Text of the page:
* Ends at C$1.0625 per US$, or 94.12 U.S. cents
* Touches five-week low of C$1.0692, or 93.53 U.S. cents
* China move to tighten bank lending hits confidence
* Bond prices firm as investors flee risk
(Updates to close, adds quote)
By Jennifer Kwan
TORONTO, Jan 26 (Reuters) - The Canadian dollar stumbled
versus the U.S. currency on Tuesday as investors shunned risky
assets, sparked by China's clampdown on lending and as Japan's
credit rating was put in the spotlight.
China's central bank ordered banks that need to raise their
reserve ratios to implement the change on Tuesday, banking
sources said [ID:nSGE60P039]. In recent weeks, China has moved
to cool bank lending to curb inflation and forestall asset
"The risk-aversion trade seems to be back in vogue. Markets
are focusing on things that have arisen over the past couple of
weeks, which include China continuing to cool down their
skyrocketing economy," said John Curran, senior vice-president
"People are looking to them to lead the recovery. If they
start to cut back, everyone else is going to have to cut back.
If we cut back while we're just starting to get out it's going
to dampen hopes and dampen the recovery."
Standard & Poor's added to the sour mood by warning it
would cut Japan's credit rating unless it produced a credible
plan to rein in its soaring debt. [ID:nSGE60P08I]
"Put together, they can have a destabilizing impact on risk
assets," said Millan Mulraine, economics strategist at TD
The Canadian dollar hugged a low of C$1.0692 to the U.S.
dollar, or 93.53 U.S. cents, its weakest level since Dec. 21.
But it fought back to finish at C$1.0625 to the U.S. dollar, or
94.12 U.S. cents, down from Monday's close at C$1.0581 to the
U.S. dollar, or 94.51 U.S. cents.
Aiding its move higher from its lowest level of the session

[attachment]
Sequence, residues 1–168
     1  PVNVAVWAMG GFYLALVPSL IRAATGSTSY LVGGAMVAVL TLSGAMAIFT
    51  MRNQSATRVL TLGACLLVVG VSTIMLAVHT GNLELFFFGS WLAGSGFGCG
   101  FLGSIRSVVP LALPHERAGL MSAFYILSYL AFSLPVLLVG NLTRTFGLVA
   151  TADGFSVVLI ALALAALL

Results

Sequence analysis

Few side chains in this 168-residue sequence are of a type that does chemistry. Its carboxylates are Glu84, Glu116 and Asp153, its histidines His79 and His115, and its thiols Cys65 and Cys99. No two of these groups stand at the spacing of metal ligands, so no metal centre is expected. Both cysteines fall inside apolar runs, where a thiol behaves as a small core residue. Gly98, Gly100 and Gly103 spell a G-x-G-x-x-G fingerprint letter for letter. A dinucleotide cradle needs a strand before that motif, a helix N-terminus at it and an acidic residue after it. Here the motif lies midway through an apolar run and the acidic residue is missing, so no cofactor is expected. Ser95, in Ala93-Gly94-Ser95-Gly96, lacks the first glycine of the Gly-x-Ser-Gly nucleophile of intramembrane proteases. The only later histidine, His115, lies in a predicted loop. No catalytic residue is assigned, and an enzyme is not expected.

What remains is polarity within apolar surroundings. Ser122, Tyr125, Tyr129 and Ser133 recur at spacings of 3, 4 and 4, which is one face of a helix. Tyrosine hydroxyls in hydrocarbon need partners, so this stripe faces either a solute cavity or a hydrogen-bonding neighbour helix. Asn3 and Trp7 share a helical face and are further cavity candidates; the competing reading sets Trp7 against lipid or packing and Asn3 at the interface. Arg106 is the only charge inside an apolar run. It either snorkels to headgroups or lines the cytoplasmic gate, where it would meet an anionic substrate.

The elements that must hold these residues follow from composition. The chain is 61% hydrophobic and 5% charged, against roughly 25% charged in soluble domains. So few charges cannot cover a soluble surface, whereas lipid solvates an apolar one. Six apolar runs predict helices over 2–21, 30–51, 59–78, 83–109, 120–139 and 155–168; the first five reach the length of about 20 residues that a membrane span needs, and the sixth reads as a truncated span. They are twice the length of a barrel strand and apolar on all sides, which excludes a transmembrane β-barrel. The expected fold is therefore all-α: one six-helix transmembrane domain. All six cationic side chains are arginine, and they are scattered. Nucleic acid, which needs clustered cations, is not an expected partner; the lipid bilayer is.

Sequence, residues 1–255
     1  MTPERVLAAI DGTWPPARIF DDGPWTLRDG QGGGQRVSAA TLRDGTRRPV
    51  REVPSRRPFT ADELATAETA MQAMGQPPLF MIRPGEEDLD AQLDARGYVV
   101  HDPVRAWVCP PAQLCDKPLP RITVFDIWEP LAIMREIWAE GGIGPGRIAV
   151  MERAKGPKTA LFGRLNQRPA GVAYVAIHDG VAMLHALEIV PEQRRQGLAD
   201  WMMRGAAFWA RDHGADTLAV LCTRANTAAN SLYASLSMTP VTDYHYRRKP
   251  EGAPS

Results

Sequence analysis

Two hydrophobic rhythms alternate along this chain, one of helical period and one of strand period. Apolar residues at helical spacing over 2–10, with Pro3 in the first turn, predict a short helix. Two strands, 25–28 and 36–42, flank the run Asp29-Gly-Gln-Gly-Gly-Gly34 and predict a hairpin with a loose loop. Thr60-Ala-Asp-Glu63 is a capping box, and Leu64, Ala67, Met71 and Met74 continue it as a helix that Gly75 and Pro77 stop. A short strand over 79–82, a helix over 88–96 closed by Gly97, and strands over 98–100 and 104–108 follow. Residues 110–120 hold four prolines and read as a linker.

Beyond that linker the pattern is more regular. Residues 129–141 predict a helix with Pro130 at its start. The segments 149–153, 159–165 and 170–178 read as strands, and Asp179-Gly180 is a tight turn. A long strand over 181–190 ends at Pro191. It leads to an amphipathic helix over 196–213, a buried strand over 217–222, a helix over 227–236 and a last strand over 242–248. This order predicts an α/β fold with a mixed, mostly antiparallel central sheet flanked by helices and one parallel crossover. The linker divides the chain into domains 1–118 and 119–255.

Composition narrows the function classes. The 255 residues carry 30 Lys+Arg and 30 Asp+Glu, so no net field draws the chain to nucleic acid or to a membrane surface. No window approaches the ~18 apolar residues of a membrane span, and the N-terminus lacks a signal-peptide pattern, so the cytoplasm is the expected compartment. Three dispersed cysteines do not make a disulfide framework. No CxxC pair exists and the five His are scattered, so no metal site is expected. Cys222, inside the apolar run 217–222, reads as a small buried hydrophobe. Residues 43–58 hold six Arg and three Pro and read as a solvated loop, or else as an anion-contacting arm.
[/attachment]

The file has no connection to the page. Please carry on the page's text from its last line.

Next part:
were steady U.S. stocks -- typically a yardstick of risk
appetite -- which were supported by data that showed U.S.
consumer confidence rose for a third straight month.
But market watchers said the policy and political landscape
would likely keep investors cautious this week, including news
on whether U.S. Federal Reserve Chairman Ben Bernanke would win
a U.S. Senate vote for a second term [ID:nN2699162], as well as
a rate announcement by the U.S. central bank on Wednesday.
Markets were also looking for guidance from U.S. President
Barack Obama's State of the Union address on Wednesday.
The price for oil, a key Canadian export, dropped below $75
a barrel as the China developments and weak U.S. home prices
data cast doubt over the pace of recovery. [O/R]
BOND PRICES FIRM
Government bond prices were firmer across the board, as
demand climbed on concern about a potentially slower growth
picture spurred by China's latest move. [US/]
"We have a flight from risk assets to the safety of
government bonds," said Mulraine.
The two-year bond <CA2YT=RR> was 3 Canadian cents higher at
C$100.15 to yield 1.170 percent, while the 30-year bond
<CA30YT=RR> rose 57 Canadian cents to C$117.07 to yield 3.971
Canadian bonds outperformed U.S. notes across the curve,
with the Canadian two-year bond 36.3 basis points above the
U.S. 2-year yield, compared with about 37 basis points in the
(Editing by Rob Wilso